Superloop used Cisco's gear for two deployments of up to 400G on its subsea cable lines that connect Singapore with Australia and Perth to Sydney.
Superloop used Cisco's NCS 1004 for its subsea routes as part of its fiber pair "open cable" design with new spectrum sharing technology.
The connectivity provider serves the Asia-Pacific region and Australia. The 400G trials took place on Superloop's 4,600-kilometer Indigo West cable from Singapore to Sydney and Indigo Central cable from Perth to Sydney.
Superloop is building out critical core infrastructure for wholesale carriers and global content providers who require scalable and reliable capacity on-demand. It owns and operates more than 670 kilometers of carrier-grade fiber networks in Hong Kong, the Asia Pacific and Australia. All told, Superloop connects over 275 sites across its footprint.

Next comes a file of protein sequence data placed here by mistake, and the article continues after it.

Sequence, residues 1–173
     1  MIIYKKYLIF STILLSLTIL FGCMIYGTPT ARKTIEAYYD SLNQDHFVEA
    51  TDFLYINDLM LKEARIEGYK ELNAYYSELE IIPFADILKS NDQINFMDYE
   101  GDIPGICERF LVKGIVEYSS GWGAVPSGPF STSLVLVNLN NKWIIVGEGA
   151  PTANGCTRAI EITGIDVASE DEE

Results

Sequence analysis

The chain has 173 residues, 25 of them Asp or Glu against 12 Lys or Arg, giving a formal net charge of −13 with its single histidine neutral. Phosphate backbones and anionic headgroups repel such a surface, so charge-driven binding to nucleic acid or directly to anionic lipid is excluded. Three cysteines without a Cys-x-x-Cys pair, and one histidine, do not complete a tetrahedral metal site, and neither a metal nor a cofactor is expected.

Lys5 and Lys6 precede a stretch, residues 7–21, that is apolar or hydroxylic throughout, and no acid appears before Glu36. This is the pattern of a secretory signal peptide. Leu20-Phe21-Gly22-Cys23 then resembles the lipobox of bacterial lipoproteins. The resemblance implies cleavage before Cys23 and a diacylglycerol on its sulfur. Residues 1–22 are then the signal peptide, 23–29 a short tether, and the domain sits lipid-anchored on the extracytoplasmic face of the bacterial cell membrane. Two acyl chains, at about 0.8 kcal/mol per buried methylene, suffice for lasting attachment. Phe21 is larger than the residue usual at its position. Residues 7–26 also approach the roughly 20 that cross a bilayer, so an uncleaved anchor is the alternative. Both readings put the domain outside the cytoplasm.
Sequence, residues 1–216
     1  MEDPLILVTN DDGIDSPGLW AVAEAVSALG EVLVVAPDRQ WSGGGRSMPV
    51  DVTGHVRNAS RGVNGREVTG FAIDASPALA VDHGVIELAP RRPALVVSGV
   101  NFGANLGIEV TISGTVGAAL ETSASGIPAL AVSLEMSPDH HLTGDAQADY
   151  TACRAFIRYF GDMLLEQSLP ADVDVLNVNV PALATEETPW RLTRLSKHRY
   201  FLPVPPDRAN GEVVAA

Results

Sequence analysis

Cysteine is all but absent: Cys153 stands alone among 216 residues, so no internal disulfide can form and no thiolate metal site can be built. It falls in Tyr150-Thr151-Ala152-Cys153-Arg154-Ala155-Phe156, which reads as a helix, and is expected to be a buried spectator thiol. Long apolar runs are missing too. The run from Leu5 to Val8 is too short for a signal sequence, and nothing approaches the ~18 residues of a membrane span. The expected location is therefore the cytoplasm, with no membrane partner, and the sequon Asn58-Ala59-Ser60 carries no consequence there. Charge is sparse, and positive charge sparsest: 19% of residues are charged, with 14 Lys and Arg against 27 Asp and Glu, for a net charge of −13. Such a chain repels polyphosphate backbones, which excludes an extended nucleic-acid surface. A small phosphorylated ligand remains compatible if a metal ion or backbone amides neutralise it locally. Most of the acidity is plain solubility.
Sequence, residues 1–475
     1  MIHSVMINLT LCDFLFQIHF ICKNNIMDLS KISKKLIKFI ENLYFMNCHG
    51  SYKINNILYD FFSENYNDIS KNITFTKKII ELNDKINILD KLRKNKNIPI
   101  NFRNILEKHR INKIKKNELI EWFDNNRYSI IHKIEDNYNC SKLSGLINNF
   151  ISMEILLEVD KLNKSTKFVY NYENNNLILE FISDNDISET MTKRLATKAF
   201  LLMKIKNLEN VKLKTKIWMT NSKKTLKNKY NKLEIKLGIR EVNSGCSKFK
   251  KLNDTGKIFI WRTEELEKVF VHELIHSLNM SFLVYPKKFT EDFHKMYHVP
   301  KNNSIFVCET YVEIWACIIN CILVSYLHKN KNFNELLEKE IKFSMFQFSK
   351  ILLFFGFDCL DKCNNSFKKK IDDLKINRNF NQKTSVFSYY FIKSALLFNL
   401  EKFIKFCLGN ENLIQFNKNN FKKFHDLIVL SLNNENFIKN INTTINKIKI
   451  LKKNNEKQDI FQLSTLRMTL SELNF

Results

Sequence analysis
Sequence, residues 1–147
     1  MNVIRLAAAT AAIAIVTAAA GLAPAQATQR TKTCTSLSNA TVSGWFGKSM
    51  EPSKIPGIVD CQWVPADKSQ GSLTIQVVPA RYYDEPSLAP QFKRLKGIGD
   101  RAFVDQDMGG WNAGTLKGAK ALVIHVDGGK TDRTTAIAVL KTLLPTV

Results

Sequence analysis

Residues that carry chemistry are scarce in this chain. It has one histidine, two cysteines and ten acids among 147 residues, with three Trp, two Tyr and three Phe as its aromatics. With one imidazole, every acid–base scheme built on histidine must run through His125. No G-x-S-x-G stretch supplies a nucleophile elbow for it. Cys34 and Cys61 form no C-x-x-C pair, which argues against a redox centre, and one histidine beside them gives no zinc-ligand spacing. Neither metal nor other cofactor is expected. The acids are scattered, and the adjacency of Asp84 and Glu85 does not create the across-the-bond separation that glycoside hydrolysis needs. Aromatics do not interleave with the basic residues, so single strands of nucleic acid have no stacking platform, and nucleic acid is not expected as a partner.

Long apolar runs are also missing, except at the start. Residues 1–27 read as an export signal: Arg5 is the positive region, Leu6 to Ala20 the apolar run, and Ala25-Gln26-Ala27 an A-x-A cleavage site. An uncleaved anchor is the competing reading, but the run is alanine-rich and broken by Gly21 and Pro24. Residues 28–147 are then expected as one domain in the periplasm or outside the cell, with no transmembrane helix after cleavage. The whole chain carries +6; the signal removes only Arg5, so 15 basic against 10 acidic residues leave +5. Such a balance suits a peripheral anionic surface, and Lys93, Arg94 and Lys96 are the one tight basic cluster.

“The Indigo cable system completes the next stage of our Asia-Pac network infrastructure," said Ryan Crouch, chief technology officer of Superloop, in a statement. "We are now the sole operator that owns fiber to buildings in Australia, Singapore and HK, placing it at the forefront of optical fiber connection and transmission technologies.
"Working with Cisco on the Indigo cable system was a logical extension of the partnership that helped create our Australian integrated backhaul network to the 121 points of interconnect. We are now truly positioned as the pan-Asia fiber operator to meet growing customer demand across the region."
Cisco's NCS 1004 supports up to 4.8 Tbps of client traffic, as well as 4.8 Tbps of trunk traffic. It also features a low power footprint across two rack units. Aside of subsea cable deployments, it can also be used for terrestrial long-haul deployments as well as metro data center interconnect applications.
In order to keep pace with increasing bandwidth demands due to video consumption and the low latencies that 5G will need, service providers, such as Verizon and AT&T, have been hot on the trail of 400G.